Jan. 8, 2007 issue - Two thousand and six was the year Africa went Hollywood: Madonna, Clooney, Brangelina. And now, in 2007, the most exclusive spot on the continent will undoubtedly be in the town of Henly-on-Klip, about 40 miles outside Johannesburg. Set on 22 lush acres and spread over 28 buildings, the complex features oversize rooms done in tasteful beiges and browns with splashes of color, 200-thread-count sheets, a yoga studio, a beauty salon, indoor and outdoor theaters, hundreds of pieces of original tribal art and sidewalks speckled with colorful tiles. Julia Roberts, John Travolta, Stevie Wonder, Nelson Mandela and the reigning African Queen herself—Angelina Jolie—are expected to attend the grand opening this week. By now, you're probably wondering how much a spread like this goes for per night. Actually, it's free. There's only one catch—you have to be a 12- or 13-year-old African girl to get in. As spectacular as this place sounds, it's not a resort. It's a school: the Oprah Winfrey Leadership Academy for Girls.I suppose I have become a major education cynic, but I read stories like this and the first think to myself is what sort of curriculum are they going to be using. It probably doesn't matter though since these girls have been hand picked by community leaders and Oprah. I am going to assume this process ensures that they are all have enormous potential and thus will probably do well if given the slightest opportunity.
Winfrey has spent five years and $40 million building the school to her own Oprahlicious specifications—did we mention the huge fireplaces in every building? The talk-show diva always does things in grand style, of course. But $40 million for a school for impoverished girls in Africa does seem a bit, well, extravagant. In fact, the South African government had planned to build the school with her, but it pulled out amid reported criticism that the academy was too elitist and lavish for such a poor country. Oprah doesn't care. "These girls deserve to be surrounded by beauty, and beauty does inspire," she says, sitting on the couch of her hotel suite overlooking the deep-blue Indian Ocean. "I wanted this to be a place of honor for them because these girls have never been treated with kindness. They've never been told they are pretty or have wonderful dimples. I wanted to hear those things as a child."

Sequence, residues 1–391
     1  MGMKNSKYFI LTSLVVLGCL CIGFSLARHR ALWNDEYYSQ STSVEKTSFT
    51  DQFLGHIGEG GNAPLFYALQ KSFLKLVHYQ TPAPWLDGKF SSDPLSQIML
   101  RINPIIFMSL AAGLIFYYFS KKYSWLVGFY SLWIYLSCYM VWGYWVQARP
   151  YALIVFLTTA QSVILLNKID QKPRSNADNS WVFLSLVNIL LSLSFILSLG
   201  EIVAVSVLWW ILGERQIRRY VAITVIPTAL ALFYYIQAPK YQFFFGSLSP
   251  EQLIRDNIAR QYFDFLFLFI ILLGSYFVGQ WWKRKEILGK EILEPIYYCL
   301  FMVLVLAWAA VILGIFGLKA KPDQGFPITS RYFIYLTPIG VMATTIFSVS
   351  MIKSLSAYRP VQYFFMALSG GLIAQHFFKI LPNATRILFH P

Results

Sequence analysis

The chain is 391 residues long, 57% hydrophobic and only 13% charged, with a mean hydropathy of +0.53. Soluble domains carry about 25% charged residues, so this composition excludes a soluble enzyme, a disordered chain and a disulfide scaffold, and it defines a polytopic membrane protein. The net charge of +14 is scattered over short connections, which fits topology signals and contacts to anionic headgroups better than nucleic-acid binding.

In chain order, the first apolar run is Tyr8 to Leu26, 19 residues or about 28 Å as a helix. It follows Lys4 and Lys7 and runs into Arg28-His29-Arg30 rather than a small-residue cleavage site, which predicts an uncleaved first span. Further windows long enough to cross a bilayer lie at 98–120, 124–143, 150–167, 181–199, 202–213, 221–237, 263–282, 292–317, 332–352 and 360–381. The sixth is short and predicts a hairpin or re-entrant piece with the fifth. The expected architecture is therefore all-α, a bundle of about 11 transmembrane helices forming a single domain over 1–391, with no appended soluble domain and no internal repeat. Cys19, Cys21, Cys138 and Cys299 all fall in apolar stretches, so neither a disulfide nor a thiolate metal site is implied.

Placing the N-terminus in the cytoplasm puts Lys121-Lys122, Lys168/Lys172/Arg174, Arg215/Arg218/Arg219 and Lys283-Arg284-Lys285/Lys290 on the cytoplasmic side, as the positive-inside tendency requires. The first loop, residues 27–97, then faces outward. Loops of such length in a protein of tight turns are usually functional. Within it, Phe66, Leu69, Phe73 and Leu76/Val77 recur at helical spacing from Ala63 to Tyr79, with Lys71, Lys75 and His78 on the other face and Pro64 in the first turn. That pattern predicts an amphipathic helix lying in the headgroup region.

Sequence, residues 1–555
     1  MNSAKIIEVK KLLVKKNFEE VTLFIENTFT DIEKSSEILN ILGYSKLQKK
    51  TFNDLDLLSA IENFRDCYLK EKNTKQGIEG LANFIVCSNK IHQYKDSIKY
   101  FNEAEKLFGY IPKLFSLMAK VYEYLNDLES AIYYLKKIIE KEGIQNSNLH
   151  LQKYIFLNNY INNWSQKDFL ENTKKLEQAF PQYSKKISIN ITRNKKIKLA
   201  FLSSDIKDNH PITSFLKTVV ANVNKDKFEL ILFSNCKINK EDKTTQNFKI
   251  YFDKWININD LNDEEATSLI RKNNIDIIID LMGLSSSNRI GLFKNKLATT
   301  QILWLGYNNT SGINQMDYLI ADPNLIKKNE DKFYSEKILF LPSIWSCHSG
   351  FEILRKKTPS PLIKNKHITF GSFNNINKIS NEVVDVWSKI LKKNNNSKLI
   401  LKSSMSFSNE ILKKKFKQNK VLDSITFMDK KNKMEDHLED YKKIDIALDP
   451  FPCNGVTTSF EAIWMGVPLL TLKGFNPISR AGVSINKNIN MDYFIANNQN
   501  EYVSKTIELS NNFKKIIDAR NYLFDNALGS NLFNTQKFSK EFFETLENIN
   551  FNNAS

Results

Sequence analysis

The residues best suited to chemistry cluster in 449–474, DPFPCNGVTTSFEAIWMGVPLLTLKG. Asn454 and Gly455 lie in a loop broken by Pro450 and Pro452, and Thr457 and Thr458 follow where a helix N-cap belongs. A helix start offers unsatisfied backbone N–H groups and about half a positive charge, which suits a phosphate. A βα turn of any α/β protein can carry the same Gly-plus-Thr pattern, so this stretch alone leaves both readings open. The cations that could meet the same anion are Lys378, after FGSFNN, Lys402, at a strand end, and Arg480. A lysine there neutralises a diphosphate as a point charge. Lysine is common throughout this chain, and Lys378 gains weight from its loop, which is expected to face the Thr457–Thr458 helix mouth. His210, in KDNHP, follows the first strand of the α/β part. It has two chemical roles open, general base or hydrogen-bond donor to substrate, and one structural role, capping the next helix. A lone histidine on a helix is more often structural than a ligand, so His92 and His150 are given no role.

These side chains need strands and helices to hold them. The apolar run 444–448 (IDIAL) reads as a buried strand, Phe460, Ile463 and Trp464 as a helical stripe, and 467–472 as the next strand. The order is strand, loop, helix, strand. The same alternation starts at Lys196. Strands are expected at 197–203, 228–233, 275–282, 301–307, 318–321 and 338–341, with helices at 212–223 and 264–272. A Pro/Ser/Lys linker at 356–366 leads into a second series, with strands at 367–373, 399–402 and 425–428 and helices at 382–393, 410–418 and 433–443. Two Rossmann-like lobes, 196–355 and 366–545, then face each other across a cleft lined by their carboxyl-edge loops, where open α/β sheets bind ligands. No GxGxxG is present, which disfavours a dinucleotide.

The article does bring up the question of whether $40 million is to much for 152 girls and whether the money might be better spent in other ways. In fact it is hinted that the South African government pulled out of the project for this very reason. I myself hold the opinion that its Oprah's money to do with as she pleases.
I don't know enough about South African society and culture, but I wonder if even with a superior education these poor girls will be able to make a difference in South Africa. I suspect that the power structure in SA relies a good bit on nepotism. Perhaps the majority of them will emigrate to other nations, but hopefully I am wrong.
You do have to admire Oprah for one thing though... she doesn't do things half way.